Indeed, we haven’t. Then you watch me call Raja, who has messaged me his phone number.

“Hey, brother,” you hear Raja say. “Good to hear your voice.”

And just like that, the two strangers talk like old friends. Because they are. “How you doing?” Raja asks.

I tell him. The truth.

“Well, Seth,” you hear Raja say. “Your life, you know, is not your own. If your brother had known that, maybe he would still be with us. Your life isn’t this thing that’s yours. That’s just a fake construct. Your life is the series of things you say and do to other people. And every vibration of your life touches everyone connected to you, and all the people connected to them. We can’t take life away so casually. It’s not ours to take. We have to live, if we’re to own up to the awesome responsibility we have to those who are bound to us.”

You watched me furrow my brow as I listened as intently as I’ve ever listened to anyone in my life.

“Here’s the thing, Seth. I’m an athletic guy in great shape, but you know, a few weeks ago I had a major heart attack. One or two beats away from death, right? I’m one of those cyclists who’s not supposed to get sick, let alone have heart problems. But here I am. And everything looks more precious to me now. The people who were there for me in my hour of need, they’ve touched me, just like I’ve touched them, just like you’ve touched me, just like I’m touching you. It’s the web of life, and your poor brother, man, if only he’d known that, maybe he wouldn’t have taken what wasn’t his to take. But you know it now, and I know it now. So we will carry on no matter what.”

Then you heard me mumble something and you saw me put down the phone.

You thought this: “Strangers and near-friends, dear friends and loved ones, people reaching out to people because that’s what binds us together. Because our lives, however personal, are not our own. They are not our own.”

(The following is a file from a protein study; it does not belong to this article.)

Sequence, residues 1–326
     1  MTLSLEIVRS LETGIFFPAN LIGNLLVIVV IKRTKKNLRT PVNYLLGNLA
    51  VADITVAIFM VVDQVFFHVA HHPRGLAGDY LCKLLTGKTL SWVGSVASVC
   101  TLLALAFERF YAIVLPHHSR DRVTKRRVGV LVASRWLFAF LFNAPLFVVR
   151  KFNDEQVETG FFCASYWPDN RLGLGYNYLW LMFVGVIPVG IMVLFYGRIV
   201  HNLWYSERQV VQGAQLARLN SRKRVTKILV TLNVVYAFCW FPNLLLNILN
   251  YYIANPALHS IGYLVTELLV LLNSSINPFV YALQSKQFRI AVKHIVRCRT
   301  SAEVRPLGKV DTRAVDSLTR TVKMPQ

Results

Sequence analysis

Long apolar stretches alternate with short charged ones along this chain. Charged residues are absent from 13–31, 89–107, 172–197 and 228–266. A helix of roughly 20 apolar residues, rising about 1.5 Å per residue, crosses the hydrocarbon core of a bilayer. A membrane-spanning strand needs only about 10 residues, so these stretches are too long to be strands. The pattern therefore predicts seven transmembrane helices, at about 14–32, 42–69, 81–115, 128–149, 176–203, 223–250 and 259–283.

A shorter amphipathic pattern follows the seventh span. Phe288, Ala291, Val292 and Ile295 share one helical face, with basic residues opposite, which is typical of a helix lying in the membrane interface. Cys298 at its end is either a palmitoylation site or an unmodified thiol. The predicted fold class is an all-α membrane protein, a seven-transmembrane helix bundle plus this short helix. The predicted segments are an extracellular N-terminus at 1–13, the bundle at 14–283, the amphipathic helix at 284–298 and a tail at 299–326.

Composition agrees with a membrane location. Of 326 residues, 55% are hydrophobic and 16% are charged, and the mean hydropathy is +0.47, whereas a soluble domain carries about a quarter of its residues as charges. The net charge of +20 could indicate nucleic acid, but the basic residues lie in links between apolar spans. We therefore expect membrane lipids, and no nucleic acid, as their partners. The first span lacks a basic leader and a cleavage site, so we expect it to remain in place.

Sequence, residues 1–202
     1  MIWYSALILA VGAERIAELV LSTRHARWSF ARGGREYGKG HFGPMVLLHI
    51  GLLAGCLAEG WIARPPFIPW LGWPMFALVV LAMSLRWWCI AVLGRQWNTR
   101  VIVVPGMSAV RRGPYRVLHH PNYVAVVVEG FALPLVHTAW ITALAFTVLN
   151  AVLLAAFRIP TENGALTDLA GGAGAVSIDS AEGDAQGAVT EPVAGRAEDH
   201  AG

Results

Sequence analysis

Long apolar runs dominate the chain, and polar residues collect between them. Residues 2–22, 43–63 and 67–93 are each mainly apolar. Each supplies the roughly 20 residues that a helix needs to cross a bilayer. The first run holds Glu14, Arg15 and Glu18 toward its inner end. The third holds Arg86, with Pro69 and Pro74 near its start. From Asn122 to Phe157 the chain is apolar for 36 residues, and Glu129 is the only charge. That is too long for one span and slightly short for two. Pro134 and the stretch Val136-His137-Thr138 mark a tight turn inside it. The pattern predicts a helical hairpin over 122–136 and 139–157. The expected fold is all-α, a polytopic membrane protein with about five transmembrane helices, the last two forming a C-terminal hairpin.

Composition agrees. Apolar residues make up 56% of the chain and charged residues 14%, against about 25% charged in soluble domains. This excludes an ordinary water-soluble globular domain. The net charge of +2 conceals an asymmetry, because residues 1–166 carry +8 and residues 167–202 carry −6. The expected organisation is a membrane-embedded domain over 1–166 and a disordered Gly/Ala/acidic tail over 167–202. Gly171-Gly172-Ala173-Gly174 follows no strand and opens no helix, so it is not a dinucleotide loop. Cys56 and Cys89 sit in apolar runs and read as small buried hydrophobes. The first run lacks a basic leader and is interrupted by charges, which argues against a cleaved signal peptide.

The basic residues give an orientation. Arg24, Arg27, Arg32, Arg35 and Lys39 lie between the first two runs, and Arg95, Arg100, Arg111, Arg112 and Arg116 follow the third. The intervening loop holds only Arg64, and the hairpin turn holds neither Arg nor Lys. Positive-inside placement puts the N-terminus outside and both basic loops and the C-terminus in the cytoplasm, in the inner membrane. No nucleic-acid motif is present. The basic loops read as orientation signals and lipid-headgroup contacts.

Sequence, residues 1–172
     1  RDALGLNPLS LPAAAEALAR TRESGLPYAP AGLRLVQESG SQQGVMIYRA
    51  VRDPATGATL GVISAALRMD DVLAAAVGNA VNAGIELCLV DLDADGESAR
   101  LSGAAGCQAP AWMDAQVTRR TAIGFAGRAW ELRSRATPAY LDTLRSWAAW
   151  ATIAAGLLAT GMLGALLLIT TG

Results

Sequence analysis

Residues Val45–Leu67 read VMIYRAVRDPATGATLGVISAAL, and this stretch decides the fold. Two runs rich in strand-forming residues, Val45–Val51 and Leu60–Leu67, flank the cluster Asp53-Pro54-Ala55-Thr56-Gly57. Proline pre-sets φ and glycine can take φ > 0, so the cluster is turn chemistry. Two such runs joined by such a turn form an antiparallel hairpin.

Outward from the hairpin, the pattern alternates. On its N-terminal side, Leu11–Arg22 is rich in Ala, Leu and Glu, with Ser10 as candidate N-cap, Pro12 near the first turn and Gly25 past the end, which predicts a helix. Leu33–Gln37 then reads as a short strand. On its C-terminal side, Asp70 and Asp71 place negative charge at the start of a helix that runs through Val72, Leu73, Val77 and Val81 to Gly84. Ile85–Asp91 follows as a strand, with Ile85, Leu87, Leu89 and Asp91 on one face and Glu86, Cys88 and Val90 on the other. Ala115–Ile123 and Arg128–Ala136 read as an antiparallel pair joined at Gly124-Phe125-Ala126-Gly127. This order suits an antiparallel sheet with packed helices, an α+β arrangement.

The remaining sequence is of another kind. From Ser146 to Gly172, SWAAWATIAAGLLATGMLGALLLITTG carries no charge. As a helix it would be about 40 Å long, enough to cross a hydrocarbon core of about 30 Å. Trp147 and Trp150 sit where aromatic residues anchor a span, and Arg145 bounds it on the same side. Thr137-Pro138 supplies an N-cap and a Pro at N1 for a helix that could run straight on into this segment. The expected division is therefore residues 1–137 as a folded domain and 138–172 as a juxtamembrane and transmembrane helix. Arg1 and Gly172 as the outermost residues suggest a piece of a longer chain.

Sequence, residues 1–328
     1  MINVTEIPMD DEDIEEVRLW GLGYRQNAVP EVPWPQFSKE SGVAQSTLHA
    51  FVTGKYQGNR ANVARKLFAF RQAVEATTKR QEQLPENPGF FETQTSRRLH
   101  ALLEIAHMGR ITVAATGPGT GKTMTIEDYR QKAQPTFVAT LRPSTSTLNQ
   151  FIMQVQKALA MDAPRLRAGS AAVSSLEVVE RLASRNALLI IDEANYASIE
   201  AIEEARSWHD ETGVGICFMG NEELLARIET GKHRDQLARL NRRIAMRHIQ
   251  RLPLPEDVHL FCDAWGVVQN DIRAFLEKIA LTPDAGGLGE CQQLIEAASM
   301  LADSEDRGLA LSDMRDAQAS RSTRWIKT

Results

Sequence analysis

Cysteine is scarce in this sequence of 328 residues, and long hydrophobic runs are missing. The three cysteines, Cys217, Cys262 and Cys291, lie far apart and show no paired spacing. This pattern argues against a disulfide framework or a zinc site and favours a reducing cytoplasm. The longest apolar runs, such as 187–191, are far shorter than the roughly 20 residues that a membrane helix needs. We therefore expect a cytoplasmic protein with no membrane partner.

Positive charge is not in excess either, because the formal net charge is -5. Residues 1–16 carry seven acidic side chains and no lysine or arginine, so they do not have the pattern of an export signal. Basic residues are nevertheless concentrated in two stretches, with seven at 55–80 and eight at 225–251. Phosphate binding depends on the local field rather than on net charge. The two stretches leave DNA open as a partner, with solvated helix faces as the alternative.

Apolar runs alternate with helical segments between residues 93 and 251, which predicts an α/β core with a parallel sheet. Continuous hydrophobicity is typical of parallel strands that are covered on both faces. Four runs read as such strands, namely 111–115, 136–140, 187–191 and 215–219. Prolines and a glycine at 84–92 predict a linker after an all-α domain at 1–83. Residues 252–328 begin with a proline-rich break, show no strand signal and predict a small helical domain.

Better start meandering soon

You would have reflected on all this if I hadn’t let loose with a trio of kimchee farts, any one of which was strong enough to put holes in the seat fabric and blow out the rear window. You stumbled home. I ambled home. Saturday dawned clear and cold, and even before we’d thrown a leg over our bikes, Steve Bowen’s memorial ride had begun.

Susan Gans had gotten the word out to the entire La Grange club. She’d contacted Ellen Brown and Jeff Sallie at Catalina Coffee and arranged for free coffee and tea after the ride. When she told them that they could be providing for over a hundred riders, they never flinched. They and their staff were more than willing to help.

Somewhere along the grapevine, Cynergy Cycles in Santa Monica heard about the ride. Without being asked, they saddled up their shop van and provided free transportation to Westsiders who wanted to come down to the South Bay and join the ride. Then, Jim and Eric from Cynergy used the van for sag and as a broom wagon, running their flashers to keep the cycling cordon intact.

Paul Che of Sprocket Cycles was there, too, providing support to any rider who needed it. With Cynergy and Sprocket participating, it kind of makes you and me wonder…when’s the last time two competitors got together for the BENEFIT of a third competitor? Then it really makes us wonder…if hardworking men and women running small businesses can put aside their differences for a common goal, why can’t our politicians?

Cruising down the hill